Thursday, April 17, 2008

The Bank of Microsoft

What do you do when your customers are stretched too thin to afford your product and can't get the money from their bank? Apparently, you lend them the money yourself. That's what Microsoft is doing.

This is one of those things that just doesn't sit right in the gut. If banks won't lend your customers money, doesn't that say something? I know liquidity is an issue, but good credits can still borrow at reasonable terms. And what skill does a software technology company have in assessing credit risk? Given these issues, it would be shocking if Microsoft didn't experience a relatively high loss rate on these loans.

I guess I'm just a little old fashioned. You know, stick to your knitting. If you're a software company, focus on making the best software possible. If you're a bank, focus on making quality loans and accurately assessing risk. Keep the chocolate out of the peanut butter.

From the Wall Street Journal:

With small-business customers finding it harder to finance high-tech purchases, Microsoft Corp. plans to increase the amount it lends them for purchases, by as much as 60%.

The move -- coming amid a historically tight credit market and at a time when other technology giants are considering selling their financing units -- raises the risk for Microsoft, which says the number of defaulting loans will likely rise and that its exposure to bad credit is "approaching materiality."

[Independent Street blog]
What are the pros and cons of vendor financing? Read the latest post and share your thoughts.

Microsoft said it expects to issue $1.25 billion in loans in 2008, compared with the $780 million in financing it extended in 2007. The increase may help the Redmond, Wash., software giant prop up an important sales channel for the company. "The decision to do all this was tied to the macro situation," said Brian Madison, general manager of Microsoft Financing. "Information-technology buyers keep accelerating their leasing and financing, so we see this as a time when we can make a big difference by making things easier."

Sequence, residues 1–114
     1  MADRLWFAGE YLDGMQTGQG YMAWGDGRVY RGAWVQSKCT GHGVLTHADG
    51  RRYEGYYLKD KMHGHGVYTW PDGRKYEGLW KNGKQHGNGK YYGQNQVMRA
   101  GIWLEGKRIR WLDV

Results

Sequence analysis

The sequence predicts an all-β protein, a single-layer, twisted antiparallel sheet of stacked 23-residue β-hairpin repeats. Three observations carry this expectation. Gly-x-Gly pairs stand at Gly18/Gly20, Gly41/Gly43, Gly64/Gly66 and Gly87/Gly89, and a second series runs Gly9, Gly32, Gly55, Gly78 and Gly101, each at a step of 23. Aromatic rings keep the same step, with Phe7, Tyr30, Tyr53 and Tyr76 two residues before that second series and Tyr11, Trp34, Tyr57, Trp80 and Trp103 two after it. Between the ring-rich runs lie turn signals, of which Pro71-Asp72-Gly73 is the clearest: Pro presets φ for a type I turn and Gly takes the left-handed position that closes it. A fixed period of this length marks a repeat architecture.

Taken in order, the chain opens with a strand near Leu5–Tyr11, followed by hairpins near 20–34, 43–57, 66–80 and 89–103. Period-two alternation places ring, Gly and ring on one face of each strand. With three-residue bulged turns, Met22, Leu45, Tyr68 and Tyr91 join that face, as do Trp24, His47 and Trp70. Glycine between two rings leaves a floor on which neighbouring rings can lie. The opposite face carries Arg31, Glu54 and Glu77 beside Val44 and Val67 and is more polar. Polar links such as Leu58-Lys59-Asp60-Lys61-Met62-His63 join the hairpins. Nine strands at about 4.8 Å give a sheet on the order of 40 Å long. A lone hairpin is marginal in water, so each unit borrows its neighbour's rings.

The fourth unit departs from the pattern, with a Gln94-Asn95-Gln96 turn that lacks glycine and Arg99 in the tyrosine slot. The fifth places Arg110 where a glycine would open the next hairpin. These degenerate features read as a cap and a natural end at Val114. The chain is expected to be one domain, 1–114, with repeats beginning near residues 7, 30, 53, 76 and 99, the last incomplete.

Microsoft offers an array of loans between $100,000 and $500,000 -- a "sweet spot for small businesses," Mr. Madison said. Still, the financing Microsoft expects to extend in 2008 represent only about 2% of the company's expected fiscal 2008 revenue.

As credit becomes harder to come by, especially for smaller businesses, financing programs like Microsoft's are becoming a key part of the way companies buy technology products. Research firm IDC expects technology buyers to finance 38% more of their high-tech purchases by 2011, with financing reaching $111 billion, or 8% of all high-tech spending.

The strains caused by the credit-market meltdown have exposed the frailties of some tech-financing arms. Some lenders caught up in the subprime mess were also heavily involved with technology financing. Dell Inc., meanwhile, has said it is exploring strategic options for its financing arm.

IDC analyst Joe Pucciarelli expects that in three years, at least a third of the current providers of financing for technology purchases won't exist. "The broader and more important point here is that the overall IT leasing and financing market remains stressed," he said.